Rick Warren and the Emerging Church
The emerging church movement has gained the support of many Christian leaders. Rick Warren is one of those leaders who has actually helped to launch the movement. In Dan Kimball's popular book, The Emerging Church, Rick Warren wrote the foreword and said:
This book is a wonderful, detailed example of what a purpose-driven church can look like in a postmodern world.... Dan's book explains how to do it [reach an "emerging generation"] with the cultural-creatives who think and feel in postmodern terms. You need to pay attention to him [Kimball] because times are changing.Kimball's book describes different methods to reach this generation,including the use of "practicing silence, and lectio divina [a form of contemplative prayer]." Kimball reinforces his promotion of the silence on his "Vintage Faith" website in an article he wrote titled "A-Maze-ing Prayer," which promotes the use of the labyrinth as a way of "Meeting God in the middle." The labyrinth, used in ancient days, is a maze-like structure, which was originally designed to connect with God mystically. As participants walk through the labyrinth (sometimes called a prayer walk or prayer path), chanting words or phrases (centering down), the idea is that by the time they have centered their souls,they will reach the center of the labyrinth. Dan Kimball expresses his admiration for the labyrinth, saying:
Meditative prayer like that we experienced in the labyrinth resonates with hearts of emerging generations. If we had the room, we would set up a permanent labyrinth to promote deeper prayer.
In the back of The Emerging Church, under the recommended resources section, Kimball lists several books written by contemplatives. Some of these include Sacred Pathways by Gary Thomas, Renovation of the Heart by Dallas Willard, Messy Spirituality by Mike Yaconelli, In the Name of Jesus by Henri Nouwen, Book of Uncommon Prayer by Steve Case, and Four Views of the Church in Postmodern Culture by Leonard Sweet. All of these authors share one thing in common—the belief that we need the silence to draw close to God, and that silence is reached through contemplative prayer. Not only did Rick Warren write the foreword to Kimball's book, but in random spots throughout Kimball's book, he has written sidebar commentaries—seventeen of them to be exact. Of his commentaries, only one was negative and that was over a minor point. Nowhere in the book is there any indication that Warren was not in full support of Kimball's views. Warren made comments such as:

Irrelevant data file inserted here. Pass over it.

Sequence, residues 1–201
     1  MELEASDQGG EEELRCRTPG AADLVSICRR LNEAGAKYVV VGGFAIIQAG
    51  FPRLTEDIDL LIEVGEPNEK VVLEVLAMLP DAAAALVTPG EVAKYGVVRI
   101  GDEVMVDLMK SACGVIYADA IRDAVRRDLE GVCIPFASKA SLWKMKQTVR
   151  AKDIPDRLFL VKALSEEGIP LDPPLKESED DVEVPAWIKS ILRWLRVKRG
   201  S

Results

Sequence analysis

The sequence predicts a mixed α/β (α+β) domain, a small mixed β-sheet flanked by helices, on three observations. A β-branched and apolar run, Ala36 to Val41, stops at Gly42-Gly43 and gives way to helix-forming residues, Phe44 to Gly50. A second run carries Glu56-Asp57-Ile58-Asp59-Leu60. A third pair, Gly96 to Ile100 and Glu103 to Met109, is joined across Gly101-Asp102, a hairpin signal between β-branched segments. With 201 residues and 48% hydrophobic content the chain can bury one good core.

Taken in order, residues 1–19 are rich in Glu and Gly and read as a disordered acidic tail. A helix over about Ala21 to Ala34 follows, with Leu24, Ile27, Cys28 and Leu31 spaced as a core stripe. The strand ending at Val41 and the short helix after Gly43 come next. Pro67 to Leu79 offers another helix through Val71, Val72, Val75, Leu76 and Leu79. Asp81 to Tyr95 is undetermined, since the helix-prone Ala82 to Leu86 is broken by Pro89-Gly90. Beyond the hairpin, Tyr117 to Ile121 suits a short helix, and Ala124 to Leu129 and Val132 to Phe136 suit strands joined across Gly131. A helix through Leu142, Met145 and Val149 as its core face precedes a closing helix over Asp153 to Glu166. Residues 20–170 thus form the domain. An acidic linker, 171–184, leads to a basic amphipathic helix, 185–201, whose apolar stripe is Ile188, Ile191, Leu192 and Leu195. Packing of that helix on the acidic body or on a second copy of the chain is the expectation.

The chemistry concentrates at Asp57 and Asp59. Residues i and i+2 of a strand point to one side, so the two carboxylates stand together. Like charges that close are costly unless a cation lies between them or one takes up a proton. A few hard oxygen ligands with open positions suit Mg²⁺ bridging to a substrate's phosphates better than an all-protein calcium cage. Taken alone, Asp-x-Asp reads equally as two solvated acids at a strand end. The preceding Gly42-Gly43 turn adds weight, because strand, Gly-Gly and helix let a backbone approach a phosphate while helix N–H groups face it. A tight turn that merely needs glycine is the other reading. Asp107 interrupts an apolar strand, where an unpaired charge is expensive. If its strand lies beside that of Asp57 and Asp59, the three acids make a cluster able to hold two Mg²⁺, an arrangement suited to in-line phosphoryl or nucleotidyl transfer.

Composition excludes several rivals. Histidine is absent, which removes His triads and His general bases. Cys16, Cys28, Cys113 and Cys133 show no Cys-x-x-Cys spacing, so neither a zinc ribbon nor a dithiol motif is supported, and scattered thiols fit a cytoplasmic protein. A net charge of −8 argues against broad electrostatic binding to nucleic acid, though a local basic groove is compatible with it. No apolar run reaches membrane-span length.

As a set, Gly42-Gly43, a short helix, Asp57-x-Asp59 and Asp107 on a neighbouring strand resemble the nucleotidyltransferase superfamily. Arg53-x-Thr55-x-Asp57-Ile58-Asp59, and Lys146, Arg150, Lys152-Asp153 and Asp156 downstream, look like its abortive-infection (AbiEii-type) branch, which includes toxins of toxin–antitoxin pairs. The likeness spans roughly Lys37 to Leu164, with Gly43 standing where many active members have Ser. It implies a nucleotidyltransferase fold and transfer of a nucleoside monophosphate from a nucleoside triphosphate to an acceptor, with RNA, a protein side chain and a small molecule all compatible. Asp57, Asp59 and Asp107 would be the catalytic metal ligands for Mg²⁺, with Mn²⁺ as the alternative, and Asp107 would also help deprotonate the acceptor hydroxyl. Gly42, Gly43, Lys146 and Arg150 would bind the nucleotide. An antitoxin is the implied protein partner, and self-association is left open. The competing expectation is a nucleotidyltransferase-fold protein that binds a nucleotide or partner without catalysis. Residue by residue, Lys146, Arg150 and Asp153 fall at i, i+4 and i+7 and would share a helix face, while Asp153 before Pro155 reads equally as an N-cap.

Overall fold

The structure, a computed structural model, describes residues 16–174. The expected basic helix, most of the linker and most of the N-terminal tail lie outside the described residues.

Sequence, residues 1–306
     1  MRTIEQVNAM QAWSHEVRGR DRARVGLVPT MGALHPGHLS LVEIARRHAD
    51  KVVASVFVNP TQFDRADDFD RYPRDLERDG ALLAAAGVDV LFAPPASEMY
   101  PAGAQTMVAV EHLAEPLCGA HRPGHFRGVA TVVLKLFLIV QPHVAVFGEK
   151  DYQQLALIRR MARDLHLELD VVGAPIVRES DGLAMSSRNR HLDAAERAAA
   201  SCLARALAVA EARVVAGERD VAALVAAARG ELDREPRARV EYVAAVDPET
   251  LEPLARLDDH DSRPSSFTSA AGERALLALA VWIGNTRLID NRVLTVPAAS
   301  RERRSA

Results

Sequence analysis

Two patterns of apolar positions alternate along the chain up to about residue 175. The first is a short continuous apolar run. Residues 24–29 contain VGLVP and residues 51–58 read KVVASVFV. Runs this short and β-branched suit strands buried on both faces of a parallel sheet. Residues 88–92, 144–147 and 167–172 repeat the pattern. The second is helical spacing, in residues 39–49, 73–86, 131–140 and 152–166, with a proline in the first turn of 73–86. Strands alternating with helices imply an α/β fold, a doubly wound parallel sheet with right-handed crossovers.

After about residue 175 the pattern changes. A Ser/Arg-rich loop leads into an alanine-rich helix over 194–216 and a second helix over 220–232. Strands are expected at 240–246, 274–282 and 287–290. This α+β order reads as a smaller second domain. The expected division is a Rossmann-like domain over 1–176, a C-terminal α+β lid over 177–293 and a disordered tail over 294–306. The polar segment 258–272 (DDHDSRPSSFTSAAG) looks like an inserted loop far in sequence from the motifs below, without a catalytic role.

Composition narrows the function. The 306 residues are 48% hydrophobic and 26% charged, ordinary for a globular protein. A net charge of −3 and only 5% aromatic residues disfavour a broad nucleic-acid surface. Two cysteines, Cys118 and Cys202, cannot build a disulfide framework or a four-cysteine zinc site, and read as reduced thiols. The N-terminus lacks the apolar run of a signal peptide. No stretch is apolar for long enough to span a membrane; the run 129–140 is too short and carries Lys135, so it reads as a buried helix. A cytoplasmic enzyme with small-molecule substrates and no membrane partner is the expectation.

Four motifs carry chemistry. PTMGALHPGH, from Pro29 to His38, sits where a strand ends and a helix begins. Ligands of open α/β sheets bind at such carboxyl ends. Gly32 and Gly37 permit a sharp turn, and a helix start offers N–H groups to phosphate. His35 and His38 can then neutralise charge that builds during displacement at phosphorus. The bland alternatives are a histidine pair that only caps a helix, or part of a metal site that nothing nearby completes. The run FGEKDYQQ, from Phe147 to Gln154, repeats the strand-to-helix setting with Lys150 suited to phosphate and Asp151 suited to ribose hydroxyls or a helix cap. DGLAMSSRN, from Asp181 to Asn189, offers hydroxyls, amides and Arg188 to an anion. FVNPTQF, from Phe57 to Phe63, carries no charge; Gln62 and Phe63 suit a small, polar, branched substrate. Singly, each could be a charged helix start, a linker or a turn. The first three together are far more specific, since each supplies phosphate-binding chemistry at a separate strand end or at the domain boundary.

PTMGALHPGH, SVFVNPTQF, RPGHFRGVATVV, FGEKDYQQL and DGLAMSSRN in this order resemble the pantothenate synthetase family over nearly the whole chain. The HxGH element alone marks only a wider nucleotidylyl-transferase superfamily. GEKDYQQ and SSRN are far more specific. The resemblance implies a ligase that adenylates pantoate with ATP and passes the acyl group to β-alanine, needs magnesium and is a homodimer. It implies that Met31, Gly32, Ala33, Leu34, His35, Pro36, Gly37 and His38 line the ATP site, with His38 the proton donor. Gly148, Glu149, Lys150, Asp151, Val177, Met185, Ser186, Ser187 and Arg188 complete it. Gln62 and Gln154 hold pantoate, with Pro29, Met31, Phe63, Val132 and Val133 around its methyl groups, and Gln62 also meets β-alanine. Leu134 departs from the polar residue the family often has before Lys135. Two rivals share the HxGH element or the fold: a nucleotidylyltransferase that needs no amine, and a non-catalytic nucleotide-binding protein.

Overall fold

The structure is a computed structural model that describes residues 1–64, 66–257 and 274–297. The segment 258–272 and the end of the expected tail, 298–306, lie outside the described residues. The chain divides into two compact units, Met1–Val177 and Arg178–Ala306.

* "This book is a wonderful detailed example..."
* "Thank you so much for sharing your background, Dan ... Go for it."
* "This is so important!"
"An outstanding chapter, Dan!" The question must be asked, is
Rick Warren promoting and endorsing the emerging church movement?
This is a valid question considering the fact that the emerging
church movement is immersed in contemplative spirituality and
other metaphysical practices, with most of its leaders promoting
a panentheistic spirituality. Certainly, by writing the foreword
to the emerging church signature book, it would be safe to assume
the answer is yes!
This is an excerpt from A Time of Departing, pp. 155-156.
For related information:
Commentary by Jane Whiting, on Dan Kimball's A-Maze-ing Prayer